4 min Read

And the Nominees Are…

By Executive Producer Alanna Hendren

While the Yorkton film festival lasted for two and a half days and ended in an awards ceremony only after a weekend of screenings, learning from filmmakers, and hearing from government funding representatives, the Leo Awards from the Motion Picture Arts and Sciences Foundation of British Columbia host 2 eveningsof gala awards. 

The Leos were as glamourous as the Yorkton Acorn Awards were down home – held at the local community center rather than a ballroom at the Vancouver Hyatt. I arrived at the Leos later than I’d planned and already stressed because traffic was a nightmare and after maneuvering downtown’s endless one-way streets, the parking lot I was shooting for was permanently closed.  Without knowing I could have just breezed into the Hyatt’s valet parking, but instead, I ended up walking from Pacific Center and back in new shoes.  But what’s pain in the face of fashion?

The buzz of the film-making crowd led me upstairs to a bar and lines of people having their pictures taken on red carpets placed in front of big Leo backdrops and perfectly positioned lights, then into a dark cavernous ballroom with a huge illuminated stage at one end and stacks of light and sound equipment at the back.  Most of the “Doing the Impossible” cast and crew made it to the show, so it was a grand reunion.

David Ozier, our fabulous filmmaker was quickly in the hot seat at the top of the Awards show – the Leo’s started with the Short Documentary Programwhere our film was nominated in four out of six categories. We missed out only on cinematography and sound. First up for us – The Best Picture Editing award nominees were Gary Wallace for Across and Down (CBC’s The Passionate Eye), David Ozier and Eddie O. for Doing the Impossible: The Story of The Developmental Disabilities Association (Us!), and Alan Flett for The Teenager and the Lost Maya (CBC’s The Nature of Things).  “And the winner is: “Doing the Impossible: The Story of the Developmental Disabilities Association”!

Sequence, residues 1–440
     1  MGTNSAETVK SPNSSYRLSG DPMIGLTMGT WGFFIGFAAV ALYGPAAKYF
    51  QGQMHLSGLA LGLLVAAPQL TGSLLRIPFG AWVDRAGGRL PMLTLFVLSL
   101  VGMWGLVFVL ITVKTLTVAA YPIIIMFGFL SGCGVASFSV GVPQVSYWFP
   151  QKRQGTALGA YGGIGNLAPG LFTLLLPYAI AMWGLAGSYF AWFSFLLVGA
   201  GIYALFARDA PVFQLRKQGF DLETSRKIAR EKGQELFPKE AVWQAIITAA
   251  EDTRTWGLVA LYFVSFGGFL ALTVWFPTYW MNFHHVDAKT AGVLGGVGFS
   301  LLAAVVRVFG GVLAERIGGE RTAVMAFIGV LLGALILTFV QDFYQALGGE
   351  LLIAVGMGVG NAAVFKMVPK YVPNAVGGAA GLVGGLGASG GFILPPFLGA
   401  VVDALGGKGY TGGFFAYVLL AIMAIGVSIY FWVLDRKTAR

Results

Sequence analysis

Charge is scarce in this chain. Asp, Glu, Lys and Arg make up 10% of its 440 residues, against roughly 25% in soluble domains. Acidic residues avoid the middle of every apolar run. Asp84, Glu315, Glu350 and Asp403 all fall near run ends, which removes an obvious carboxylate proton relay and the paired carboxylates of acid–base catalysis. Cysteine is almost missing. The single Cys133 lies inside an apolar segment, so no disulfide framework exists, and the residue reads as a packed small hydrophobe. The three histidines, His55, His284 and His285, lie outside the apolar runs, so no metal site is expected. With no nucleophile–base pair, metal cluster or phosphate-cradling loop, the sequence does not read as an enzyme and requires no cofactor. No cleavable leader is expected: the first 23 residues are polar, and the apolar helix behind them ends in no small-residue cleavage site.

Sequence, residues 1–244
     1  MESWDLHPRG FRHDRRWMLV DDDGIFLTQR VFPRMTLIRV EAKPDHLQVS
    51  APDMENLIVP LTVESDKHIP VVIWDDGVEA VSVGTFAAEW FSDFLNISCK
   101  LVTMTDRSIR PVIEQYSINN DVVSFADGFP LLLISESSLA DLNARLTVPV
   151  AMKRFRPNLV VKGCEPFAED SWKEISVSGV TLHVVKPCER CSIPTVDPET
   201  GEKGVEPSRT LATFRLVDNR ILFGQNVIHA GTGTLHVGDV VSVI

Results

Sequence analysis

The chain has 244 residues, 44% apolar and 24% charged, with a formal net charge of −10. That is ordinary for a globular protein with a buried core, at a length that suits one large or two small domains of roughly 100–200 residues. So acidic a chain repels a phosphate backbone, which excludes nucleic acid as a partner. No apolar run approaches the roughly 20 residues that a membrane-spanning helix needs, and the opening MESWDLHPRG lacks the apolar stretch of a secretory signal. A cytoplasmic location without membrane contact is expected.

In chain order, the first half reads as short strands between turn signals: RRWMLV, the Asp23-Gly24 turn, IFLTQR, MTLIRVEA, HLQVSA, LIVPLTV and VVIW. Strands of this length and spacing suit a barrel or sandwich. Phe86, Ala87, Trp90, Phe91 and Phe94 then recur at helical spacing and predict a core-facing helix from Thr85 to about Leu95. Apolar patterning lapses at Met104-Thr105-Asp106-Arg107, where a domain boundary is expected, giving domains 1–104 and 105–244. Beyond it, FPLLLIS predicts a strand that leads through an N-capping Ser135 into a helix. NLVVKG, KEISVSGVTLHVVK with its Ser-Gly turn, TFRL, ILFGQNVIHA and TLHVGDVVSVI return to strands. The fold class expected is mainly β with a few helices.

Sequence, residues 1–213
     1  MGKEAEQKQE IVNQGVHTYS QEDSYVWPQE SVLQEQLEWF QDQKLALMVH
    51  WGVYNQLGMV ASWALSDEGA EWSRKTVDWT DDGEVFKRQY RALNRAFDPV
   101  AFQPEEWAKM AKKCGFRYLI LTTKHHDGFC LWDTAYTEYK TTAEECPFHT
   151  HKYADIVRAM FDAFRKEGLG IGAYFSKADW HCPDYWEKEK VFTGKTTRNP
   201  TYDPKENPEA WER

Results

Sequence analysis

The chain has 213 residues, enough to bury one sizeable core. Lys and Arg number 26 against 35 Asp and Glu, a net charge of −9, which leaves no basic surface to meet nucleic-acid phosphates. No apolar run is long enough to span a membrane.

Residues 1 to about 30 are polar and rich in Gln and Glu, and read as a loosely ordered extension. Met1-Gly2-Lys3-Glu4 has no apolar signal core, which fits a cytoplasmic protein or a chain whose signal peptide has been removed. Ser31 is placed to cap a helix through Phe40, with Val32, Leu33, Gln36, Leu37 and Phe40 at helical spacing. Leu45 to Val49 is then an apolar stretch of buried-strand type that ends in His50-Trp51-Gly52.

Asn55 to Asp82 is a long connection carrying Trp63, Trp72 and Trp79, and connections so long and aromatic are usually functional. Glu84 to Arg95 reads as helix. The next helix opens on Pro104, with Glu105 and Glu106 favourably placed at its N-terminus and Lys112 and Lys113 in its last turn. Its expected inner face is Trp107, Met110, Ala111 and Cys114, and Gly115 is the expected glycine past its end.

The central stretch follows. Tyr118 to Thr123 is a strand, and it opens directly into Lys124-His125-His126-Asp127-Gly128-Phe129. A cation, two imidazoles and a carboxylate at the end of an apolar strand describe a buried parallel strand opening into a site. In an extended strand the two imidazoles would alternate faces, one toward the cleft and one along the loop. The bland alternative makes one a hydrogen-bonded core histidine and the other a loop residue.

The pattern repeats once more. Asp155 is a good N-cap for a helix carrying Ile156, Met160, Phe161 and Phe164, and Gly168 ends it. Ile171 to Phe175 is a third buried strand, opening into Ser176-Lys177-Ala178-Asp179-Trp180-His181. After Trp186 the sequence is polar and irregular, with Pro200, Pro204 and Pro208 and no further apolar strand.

Our tables erupted in cheers, applause, and generalized excitement. The adrenaline rush was like winning at the race track.  Of course, David gave a touching, funny, and powerful speech. He had been nominated for a Leo four times previously but hadn’t won yet. The first time David and Eddie O. had been nominated was 25 years ago so it was fitting they were both standing on stage in 2023, the 25th anniversary of the Leos. So exciting!  So glamourous!

After the brief interlude, while they announced the Best Cinematography winner, Best Screenwriting came up with nominees David Ozier for Doing the Impossible and Ross Munro for The Moviegoer(Independent).  “And the winner is: David Ozier for Doing the Impossible: The History of the Developmental Disabilities Association”!  More explosive enthusiasm from the DDA crowd. And again a touching, funny, meaningful speech from David, who didn’t have time to sit down before Best Director was announced, and again, “Yay!!!  Wow!! Yahoo!” Jumping out of our seats, happy but not as happy as David.  What a success for our humble training video! David thanked everyone he interviewed for making directing this film so rewarding. Everyone was thrilled.

Next was Best Documentary but “Across and Down” beat us for award number four.  By that time it didn’t really matter – we were all so excited about the first three. What an endorsement of our story. 

After watching several more programs and categories and listening to several more acceptance speeches, we went out to the lobby and all got our pictures taken with David and Eddie O’s Statues.  They were still luxuriating in their success. So much fun and great memories. Our superstars were well saluted and acknowledged, most of all our videographer, who already had his job classification changed to “Filmmaker”.  Now “Award-winning Filmmaker”. We must be on the right track at DDA because once we shared our story with the public, the response was so beyond what I ever could have imagined, and
I learned another lesson – Dream Bigger.